Mexican Dealers Travel to Chrysler Headquarters, Demand Meeting with CEO
DETROIT (AP) _ Disgruntled Chrysler dealers from Mexico, where the peso crisis has savaged the automobile business this year, have been showing up at the company’s headquarters demanding to meet with top executives.
``We want to talk with Mr. Eaton or Mr. Lutz,″ Antonio Palacio, a Mexico City dealer, said Thursday. ``We spend whole days sitting in the lobby at Highland Park, with nobody giving us any news.″
Chrysler officials said at least eight dealers showed up Wednesday and were told that they could not meet with Chairman Robert J. Eaton or President Robert Lutz.
The dealers are being told to work with managers at Chrysler de Mexico, who the dealers say they are fed up with. The dealers want Chrysler to do more to help them deal with Mexico’s economic crisis.
``We are losing money,″ Palacio said.
They want Chrysler to cut the interest it charges dealers for the money they borrow from the company to buy cars from Chrysler’s factories. They also say Chrysler has set selling prices that are too high and dealer profit margins that are too low.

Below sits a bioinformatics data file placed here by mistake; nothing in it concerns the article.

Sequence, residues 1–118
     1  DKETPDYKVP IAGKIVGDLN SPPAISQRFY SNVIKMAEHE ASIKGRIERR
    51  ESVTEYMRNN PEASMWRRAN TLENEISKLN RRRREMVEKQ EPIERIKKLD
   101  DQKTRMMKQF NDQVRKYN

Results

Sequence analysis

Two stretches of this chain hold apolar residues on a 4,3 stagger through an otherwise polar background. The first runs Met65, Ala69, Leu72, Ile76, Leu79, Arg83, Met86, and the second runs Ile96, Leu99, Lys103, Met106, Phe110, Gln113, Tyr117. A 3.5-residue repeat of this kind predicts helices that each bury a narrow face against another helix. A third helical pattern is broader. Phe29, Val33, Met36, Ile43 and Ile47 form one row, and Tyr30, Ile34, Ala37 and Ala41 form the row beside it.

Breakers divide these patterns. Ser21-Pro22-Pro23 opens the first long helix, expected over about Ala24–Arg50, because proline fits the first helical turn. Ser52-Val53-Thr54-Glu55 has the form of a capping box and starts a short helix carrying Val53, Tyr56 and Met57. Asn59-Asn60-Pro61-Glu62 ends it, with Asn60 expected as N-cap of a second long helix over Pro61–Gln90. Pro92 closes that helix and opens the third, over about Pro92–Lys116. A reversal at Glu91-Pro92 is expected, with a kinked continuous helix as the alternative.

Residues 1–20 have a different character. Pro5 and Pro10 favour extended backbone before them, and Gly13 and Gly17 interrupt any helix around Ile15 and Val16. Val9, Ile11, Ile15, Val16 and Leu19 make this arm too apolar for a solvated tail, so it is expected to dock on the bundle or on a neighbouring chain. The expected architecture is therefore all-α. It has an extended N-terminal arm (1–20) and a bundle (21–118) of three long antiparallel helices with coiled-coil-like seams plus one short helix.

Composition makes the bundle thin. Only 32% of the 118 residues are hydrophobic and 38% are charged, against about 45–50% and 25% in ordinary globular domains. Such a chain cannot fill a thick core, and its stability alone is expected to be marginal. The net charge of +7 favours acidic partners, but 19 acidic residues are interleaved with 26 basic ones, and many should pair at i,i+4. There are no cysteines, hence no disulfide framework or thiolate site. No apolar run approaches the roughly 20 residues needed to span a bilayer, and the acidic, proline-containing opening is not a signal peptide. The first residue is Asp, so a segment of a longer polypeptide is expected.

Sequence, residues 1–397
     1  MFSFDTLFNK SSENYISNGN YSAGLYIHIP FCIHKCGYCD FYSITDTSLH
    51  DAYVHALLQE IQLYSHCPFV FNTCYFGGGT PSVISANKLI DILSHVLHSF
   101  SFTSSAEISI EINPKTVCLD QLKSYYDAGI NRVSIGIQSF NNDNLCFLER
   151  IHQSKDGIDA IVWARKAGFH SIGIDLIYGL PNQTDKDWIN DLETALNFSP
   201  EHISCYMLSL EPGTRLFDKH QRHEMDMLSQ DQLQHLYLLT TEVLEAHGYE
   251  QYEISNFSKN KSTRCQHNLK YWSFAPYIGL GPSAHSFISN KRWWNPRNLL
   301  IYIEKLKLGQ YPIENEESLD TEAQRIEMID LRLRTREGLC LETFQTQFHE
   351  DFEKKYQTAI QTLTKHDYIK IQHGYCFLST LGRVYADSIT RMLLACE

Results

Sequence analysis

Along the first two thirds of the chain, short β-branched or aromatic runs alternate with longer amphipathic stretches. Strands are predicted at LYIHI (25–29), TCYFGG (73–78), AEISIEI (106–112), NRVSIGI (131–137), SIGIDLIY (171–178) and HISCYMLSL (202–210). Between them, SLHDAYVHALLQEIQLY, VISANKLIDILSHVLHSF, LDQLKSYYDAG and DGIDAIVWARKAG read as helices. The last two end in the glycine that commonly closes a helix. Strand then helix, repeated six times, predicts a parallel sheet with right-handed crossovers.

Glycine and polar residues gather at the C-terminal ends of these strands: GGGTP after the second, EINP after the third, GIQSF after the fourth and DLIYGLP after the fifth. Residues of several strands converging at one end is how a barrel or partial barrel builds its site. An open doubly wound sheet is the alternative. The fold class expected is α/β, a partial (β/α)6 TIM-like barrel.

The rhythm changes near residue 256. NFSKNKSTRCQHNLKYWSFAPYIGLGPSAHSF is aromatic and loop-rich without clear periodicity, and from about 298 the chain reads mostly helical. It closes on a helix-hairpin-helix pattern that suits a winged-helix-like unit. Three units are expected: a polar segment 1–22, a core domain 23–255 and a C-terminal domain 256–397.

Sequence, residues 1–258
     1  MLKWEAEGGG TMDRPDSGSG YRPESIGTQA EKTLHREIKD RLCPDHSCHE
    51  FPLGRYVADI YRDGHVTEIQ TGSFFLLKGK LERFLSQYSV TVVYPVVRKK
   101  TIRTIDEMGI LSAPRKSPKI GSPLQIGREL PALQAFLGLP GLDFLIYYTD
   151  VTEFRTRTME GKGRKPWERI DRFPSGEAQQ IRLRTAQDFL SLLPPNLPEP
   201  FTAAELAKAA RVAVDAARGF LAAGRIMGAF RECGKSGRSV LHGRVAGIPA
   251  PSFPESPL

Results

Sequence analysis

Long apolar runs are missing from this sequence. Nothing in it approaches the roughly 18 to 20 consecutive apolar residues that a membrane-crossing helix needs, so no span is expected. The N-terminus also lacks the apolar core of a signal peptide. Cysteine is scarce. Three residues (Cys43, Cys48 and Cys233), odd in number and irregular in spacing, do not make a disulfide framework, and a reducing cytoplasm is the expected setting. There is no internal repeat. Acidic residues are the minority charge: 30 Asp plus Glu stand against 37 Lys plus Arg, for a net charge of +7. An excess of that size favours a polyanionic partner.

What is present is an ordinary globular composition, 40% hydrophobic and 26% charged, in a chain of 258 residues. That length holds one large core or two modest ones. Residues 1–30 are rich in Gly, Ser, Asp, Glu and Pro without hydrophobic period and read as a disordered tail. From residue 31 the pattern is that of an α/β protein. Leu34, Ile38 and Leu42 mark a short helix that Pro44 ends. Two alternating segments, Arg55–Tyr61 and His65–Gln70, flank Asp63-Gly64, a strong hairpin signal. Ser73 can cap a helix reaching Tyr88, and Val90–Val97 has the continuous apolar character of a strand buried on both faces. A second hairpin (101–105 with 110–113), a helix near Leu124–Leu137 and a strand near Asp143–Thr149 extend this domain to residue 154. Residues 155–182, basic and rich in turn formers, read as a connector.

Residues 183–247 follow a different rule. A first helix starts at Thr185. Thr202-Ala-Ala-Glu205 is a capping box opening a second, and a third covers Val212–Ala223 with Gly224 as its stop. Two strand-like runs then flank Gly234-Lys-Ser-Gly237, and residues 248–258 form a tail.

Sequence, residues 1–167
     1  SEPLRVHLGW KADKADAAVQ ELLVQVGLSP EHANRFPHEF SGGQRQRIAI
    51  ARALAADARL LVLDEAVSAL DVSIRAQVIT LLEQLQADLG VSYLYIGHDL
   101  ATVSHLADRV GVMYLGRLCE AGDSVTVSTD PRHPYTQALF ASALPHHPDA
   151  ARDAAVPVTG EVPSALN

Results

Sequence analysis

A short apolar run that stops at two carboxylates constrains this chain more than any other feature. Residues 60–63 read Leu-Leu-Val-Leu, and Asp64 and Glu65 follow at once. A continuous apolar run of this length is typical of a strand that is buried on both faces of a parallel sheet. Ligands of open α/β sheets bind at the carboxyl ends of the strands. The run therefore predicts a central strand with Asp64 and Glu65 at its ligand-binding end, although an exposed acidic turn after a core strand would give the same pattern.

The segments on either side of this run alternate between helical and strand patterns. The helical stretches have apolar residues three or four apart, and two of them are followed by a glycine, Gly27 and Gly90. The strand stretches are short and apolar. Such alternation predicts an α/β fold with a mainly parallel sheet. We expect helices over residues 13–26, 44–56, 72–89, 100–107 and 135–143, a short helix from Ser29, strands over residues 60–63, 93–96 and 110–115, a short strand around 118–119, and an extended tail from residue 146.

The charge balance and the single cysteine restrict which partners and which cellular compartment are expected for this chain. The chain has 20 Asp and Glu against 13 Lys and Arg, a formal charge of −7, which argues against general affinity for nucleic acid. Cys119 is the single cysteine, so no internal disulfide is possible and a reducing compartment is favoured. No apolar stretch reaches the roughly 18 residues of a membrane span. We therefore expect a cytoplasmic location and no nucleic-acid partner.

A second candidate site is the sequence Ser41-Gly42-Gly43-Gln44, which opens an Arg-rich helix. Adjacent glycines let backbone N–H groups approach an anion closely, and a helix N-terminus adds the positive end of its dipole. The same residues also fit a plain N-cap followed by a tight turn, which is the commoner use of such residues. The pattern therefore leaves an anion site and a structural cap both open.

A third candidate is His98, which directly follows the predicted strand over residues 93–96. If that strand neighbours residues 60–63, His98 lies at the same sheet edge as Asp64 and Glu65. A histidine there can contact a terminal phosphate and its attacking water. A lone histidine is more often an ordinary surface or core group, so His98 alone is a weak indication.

The company is spending $250 million this year to help shore up its Mexican dealer network as its sales in that country have dropped 67 percent, Chrysler officials said. The aid has included $65 million in low-interest loans to dealers. It is comparable to measures being taken by the other automakers that operate in Mexico.
Palacio said 18 dealerships were represented in the group that had gathered in Detroit by Thursday, and that at least two dozen more were expected by Monday. If the numbers are accurate, the group represents a significant piece of Chrysler’s business in Mexico, where it has about 145 dealers.
``We’re not going home until we get a meeting,″ Mario Cervera Ortiz, president of the Chrysler dealer council in Mexico, told The Wall Street Journal.
Overall car sales in Mexico for the first seven months of the year were down 61 percent from 1994, according to the Mexican Auto Dealers Association.
Palacio said his 21-year-old dealership, which sold about 1,000 vehicles last year, has sold ``300 maybe″ in 1995.
Said Chrysler spokeswoman Rita McKay: ``Its a tough market. The cost of money is high, interest rates are high. We are convinced that the market has bottomed out, that it will come back. But the recovery will be slow.″